Tag Archives: dr. timothy o’donnell

Remedy For Restless Hearts

For Timothy T. O’Donnell, the Sacred Heart has been part of his spirituality almost as far back as he can remember. “Devotion to the Heart of Jesus has been with me since my childhood, thanks to the faithful nuns who taught me in Catholic grammar school,” recalls O’Donnell, president of Christendom College in Front Royal, Virginia since 1992, and Northern Virginia Chapter Legate. “I remember making the nine First Fridays for the first time in seventh grade. I rode my bike to early morning Mass for nine consecutive First Fridays.” As an adult, O’Donnell learned of the theological richness of the devotion while studying at the Angelicum in Rome. Under his leadership, Christendom College has renewed its consecration to the Sacred Heart annually, and he continues to practice the devotion faithfully himself.

“The devotion has been a great blessing to me in my adult and professional life as it focused on developing and cultivating a deep interior relationship with the Lord Jesus,” O’Donnell said. “His Heart symbolizes His entire interior life and manifests His deep love and desire to be known and to be loved by us in return.”

The Solemnity of the Sacred Heart of Jesus, which the Church celebrates on the Friday following the second Sunday of Pentecost, falls on June 8 this year.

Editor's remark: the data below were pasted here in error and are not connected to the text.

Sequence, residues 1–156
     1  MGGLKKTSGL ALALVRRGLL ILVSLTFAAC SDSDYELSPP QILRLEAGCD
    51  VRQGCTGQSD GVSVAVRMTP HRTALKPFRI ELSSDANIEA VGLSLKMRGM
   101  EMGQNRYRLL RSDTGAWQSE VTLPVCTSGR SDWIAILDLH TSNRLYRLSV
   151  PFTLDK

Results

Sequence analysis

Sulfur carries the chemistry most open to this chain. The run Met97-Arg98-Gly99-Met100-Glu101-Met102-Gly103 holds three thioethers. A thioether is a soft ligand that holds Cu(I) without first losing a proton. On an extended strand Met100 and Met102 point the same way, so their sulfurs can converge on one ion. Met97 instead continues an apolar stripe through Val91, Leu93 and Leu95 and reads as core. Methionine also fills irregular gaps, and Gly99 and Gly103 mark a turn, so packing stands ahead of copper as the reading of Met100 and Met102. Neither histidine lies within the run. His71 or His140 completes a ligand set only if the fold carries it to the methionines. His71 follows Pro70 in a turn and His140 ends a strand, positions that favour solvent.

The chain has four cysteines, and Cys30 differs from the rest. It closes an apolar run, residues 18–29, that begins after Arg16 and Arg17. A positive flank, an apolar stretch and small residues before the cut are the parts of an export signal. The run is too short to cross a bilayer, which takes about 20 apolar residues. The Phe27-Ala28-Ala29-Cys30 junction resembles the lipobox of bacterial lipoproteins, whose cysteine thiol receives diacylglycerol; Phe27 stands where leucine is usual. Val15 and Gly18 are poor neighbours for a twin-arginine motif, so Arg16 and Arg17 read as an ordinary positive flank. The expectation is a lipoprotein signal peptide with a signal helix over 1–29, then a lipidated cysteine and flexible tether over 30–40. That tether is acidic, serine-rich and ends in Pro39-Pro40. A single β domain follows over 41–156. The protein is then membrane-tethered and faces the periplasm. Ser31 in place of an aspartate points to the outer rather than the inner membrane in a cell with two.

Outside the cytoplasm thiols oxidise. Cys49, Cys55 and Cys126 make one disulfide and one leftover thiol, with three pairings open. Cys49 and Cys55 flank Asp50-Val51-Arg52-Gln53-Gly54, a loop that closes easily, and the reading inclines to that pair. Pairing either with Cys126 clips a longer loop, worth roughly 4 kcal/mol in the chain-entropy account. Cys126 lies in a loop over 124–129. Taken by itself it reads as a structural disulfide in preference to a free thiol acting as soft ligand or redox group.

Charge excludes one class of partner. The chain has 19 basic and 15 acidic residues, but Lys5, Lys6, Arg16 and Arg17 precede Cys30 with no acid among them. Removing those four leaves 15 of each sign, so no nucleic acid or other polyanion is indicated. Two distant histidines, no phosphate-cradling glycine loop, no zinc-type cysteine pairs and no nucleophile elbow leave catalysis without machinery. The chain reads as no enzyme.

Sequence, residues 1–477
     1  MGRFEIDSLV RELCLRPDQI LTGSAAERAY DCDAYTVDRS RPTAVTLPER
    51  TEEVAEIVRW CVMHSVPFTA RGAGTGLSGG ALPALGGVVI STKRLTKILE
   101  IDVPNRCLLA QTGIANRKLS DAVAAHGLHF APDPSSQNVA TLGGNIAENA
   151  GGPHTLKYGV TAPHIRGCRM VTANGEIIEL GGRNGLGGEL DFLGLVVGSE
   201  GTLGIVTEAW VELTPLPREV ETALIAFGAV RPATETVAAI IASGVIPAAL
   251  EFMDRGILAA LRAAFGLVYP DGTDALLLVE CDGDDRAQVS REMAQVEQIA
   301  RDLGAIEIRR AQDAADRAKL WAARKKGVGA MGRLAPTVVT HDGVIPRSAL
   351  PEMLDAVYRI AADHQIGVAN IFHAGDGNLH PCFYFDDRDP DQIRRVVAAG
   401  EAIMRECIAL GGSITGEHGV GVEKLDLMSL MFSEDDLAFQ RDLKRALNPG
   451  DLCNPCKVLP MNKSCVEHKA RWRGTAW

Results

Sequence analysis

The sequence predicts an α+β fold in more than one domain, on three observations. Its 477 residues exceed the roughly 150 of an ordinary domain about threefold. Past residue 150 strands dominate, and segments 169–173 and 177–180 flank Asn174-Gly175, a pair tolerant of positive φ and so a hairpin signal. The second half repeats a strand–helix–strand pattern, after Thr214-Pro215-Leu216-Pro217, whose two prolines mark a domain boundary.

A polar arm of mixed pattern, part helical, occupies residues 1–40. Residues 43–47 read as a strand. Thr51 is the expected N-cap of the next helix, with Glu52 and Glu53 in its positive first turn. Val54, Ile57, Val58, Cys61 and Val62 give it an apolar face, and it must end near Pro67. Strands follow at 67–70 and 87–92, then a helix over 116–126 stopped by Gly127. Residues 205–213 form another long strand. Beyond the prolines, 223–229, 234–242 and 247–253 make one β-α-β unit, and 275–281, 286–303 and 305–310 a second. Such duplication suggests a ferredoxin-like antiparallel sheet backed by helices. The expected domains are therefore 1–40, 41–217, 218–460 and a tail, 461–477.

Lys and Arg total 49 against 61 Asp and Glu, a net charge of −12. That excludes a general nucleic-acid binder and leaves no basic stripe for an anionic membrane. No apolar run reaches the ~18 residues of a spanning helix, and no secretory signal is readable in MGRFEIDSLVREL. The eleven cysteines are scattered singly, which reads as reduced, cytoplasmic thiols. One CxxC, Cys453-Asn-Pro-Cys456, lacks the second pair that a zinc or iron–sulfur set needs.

Origins of the Devotion 

In his book Heart of the Redeemer, O’Donnell recounts the foundations of the devotion.

Early Christians “contemplated the crucified Savior with deep veneration and love,” he writes. Meditating upon the wound in Jesus’ side opened by the soldier’s lance, popular piety turned to his pierced heart, “seen from the very outset” to symbolize Christ’s caring love for every person.

From the first centuries, the blood and water that flowed from Jesus’ side were understood as symbols of the Eucharist and Baptism. His pierced side inspired parallels with Genesis: Just as Eve was created from Adam’s side, so was the Church created from the side of Christ. The Apostle John reclining at Jesus’ breast, close to his heart, at the Last Supper suggested intimacy with Him. St. Augustine associated Jesus’ heart with His acceptance of His Passion through His merciful love.

Later spiritual writers called the wound in Christ’s side a “fountain of eternal life” from which living waters of divine grace flowed, revealing Christ’s immense love. By the 11th century, the heart of Christ was identified as the source from which these “treasures” emanated.

St. Bernard of Clairvaux frequently homilized about the Savior’s Heart, and prayers and hymns were circulated. Mystics like St. Catherine of Siena and St. Gertrude sought the union of their hearts with Christ’s heart. Gothic art depicted the crucified Christ with blood gushing from His side, often with an angel or saint collecting the blood in a chalice.

The Franciscans and Dominicans, led by St. Bonaventure and St. Albert the Great, developed the connection between the Sacred Heart and the Eucharist, instituted out of Christ’s boundless love. Jesuit thinkers wrote about it; St. John Eudes taught of a mystical unity of the Sacred Heart with the Immaculate Heart of Mary.

St. Margaret Mary Alacoque’s Visions

In the 17th century, St. Margaret Mary Alacoque, a French Visitation nun, had visions of Jesus. In December 1673, Jesus allowed her to rest her head upon His Heart as St. John the Apostle had done. He asked her to make His great love known throughout the world.